About the Waterloo Association
An historical society for those interested in the Battle of Waterloo and the Peninsular Campaigns of the Duke of Wellington.
In 1972, the site of the Waterloo battlefield was under threat from a proposed motorway. The 8th Duke of Wellington, with help from a number of distinguished Belgian and British allies, successfully fought off the plan, but realised the need for an organisation to promote and protect the site for future generations, and so the Waterloo Association was formed.
The Waterloo Association now regularly contributes to the maintenance and preservation of existing monuments. The Association was responsible for the erection, and dedication in 2002, of a major memorial at Quatre Bras, commemorating the British and Hanoverian troops that fought and died there on 16th June 1815.More about the Waterloo Association Explore the History of the Era
Waterloo Association Membership Benefits
- Free entry to The Wellington Museum at Waterloo.
- An interesting programme of regional events and visits. Such as Waterloo and Portsmouth
- Two talks a year in London.
- 10% Discount in the National Army Museum Shop on production of a membership card.
- The Association Journal which is published three times each year, in Spring, Summer and Winter and is posted to each member.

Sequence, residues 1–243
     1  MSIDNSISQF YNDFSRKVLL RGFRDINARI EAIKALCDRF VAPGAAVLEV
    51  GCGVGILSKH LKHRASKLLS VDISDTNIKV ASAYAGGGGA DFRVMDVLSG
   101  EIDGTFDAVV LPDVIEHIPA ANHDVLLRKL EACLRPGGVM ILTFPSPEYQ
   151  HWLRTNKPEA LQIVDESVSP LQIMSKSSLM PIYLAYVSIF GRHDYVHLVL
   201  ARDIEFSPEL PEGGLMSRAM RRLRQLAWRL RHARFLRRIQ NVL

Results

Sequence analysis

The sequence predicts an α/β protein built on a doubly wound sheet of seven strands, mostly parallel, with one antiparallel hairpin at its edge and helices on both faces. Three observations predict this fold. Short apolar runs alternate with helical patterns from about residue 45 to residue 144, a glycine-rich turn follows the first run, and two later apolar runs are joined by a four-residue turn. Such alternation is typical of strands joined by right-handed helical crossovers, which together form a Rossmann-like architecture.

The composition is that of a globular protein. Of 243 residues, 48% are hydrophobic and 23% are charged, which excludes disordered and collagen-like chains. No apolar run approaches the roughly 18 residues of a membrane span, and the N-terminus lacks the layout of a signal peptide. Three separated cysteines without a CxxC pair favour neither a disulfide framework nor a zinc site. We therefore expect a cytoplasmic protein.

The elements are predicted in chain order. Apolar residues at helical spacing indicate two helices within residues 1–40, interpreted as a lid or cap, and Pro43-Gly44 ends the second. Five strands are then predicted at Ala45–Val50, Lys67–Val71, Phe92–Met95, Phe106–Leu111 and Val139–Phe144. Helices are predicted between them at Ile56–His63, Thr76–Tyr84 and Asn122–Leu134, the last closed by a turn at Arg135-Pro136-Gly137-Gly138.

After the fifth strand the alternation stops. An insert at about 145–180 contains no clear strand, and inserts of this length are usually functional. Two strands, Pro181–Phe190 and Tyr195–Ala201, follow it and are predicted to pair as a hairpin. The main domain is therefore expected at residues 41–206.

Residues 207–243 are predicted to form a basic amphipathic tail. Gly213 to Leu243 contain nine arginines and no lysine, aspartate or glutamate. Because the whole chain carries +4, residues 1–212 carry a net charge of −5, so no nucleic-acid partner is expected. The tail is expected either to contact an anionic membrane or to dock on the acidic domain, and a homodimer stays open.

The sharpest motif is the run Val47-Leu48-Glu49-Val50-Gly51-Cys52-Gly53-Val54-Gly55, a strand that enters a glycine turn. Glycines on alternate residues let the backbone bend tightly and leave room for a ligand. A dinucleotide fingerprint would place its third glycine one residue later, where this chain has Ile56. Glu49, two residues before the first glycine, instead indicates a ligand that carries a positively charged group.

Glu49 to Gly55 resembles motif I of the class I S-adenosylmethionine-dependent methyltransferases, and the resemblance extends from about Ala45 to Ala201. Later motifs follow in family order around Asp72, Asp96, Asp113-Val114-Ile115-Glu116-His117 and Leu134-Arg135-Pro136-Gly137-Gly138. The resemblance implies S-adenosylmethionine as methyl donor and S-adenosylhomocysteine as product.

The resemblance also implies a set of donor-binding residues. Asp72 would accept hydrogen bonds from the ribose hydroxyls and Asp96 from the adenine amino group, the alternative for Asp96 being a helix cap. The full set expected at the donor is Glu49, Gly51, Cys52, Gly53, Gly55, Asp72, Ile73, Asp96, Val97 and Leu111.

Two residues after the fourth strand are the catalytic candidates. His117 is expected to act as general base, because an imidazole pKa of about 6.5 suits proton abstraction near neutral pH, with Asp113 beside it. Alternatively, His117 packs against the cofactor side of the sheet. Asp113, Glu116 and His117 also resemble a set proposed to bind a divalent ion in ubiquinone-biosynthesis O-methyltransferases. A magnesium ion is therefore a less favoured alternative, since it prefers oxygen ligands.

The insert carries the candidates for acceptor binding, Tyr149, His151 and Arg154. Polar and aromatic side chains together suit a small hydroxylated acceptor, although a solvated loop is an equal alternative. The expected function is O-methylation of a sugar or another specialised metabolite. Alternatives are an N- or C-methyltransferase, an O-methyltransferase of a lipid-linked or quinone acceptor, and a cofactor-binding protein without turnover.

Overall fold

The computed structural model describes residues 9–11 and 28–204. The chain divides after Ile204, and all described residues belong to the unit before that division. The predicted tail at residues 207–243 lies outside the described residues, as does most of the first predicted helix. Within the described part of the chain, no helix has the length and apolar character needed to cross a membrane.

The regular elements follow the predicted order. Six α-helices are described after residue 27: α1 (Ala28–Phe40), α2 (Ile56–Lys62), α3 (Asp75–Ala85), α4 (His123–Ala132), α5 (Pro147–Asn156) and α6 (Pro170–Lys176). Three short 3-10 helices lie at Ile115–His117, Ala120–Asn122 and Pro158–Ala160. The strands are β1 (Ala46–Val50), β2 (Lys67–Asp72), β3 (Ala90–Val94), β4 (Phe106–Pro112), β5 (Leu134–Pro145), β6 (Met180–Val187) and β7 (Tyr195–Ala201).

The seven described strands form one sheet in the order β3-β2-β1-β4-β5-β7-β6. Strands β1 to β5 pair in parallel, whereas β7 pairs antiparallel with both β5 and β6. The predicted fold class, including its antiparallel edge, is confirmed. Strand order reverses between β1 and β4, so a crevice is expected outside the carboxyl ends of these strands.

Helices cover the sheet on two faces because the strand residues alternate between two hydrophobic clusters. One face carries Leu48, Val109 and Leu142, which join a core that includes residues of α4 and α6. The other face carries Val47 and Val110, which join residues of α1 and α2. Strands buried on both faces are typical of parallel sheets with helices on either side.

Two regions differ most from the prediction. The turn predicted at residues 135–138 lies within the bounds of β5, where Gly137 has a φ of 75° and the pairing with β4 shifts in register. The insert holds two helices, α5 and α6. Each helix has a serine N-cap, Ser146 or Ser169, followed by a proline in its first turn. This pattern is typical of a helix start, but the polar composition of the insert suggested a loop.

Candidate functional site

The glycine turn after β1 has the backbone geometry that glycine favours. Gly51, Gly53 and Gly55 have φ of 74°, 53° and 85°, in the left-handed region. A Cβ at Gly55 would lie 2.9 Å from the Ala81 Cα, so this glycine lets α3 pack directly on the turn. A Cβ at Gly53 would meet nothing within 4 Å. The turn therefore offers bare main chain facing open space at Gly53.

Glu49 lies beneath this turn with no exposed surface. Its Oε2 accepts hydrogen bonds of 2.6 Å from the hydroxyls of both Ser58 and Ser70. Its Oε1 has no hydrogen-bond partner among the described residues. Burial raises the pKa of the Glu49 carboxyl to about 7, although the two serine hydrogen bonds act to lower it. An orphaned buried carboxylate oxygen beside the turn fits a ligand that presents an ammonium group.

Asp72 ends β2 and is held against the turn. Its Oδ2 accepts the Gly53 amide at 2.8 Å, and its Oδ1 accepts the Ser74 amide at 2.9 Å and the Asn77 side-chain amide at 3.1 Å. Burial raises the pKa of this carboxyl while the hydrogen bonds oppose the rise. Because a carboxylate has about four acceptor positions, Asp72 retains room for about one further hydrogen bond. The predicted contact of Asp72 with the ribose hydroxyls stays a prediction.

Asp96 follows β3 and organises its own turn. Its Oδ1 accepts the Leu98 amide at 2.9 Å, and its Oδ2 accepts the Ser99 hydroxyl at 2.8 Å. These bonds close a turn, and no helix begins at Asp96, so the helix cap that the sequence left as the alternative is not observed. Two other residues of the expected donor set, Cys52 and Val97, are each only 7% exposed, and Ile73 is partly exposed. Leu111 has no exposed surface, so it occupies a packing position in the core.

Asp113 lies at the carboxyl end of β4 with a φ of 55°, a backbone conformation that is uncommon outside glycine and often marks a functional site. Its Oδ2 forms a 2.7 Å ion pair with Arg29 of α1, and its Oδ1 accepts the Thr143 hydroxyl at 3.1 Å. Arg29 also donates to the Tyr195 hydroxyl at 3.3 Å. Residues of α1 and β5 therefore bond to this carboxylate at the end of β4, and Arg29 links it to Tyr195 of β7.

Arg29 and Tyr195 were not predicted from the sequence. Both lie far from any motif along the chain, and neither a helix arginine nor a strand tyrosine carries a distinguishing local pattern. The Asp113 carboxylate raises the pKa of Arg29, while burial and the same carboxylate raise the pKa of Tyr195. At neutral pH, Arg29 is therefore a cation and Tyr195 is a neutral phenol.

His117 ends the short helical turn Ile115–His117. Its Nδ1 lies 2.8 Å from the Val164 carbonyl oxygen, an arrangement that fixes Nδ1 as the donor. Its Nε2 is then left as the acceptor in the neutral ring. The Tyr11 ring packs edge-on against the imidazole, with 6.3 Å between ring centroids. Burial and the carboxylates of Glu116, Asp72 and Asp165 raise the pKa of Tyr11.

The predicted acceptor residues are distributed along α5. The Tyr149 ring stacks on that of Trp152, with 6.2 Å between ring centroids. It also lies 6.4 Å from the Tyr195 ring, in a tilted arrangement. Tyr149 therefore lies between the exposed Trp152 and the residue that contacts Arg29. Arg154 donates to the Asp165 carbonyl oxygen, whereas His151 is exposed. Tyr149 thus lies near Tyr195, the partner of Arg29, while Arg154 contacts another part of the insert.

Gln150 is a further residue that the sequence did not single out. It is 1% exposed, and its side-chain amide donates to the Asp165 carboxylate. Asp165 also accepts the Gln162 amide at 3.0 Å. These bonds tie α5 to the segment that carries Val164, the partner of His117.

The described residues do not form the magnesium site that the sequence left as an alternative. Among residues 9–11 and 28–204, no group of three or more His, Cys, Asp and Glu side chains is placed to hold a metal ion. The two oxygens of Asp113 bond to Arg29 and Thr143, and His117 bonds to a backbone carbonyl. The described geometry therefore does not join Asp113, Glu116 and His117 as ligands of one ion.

Waterloo Association Events
Events Up coming Events
Our autumn meeting will take place on Wednesday 13th November in the splendid surroundings of Apsley House “No 1 London” purchased by the First Duke from his brother in 1817.We are very grateful to the current Duke for allowing us to visit outside no [...]
Saturday 7 September 2019 Study Day – Gunpowder weapons in the Napoleonic Wars The Battlefields Trust in partnership with the Waterloo Association and the Royal Gunpowder Mills at Waltham Abbey, present a one-day seminar from 9.30 a.m.–5.30 p.m., on [...]
Waterloo Association News
by J. David Markham, FINS When one thinks of prisoners of war, soldiers and sailors usually come to [...]View more
"The Duke is Dead" The newspapers took up the mournful story of the death of the Duke of Wellington [...]View more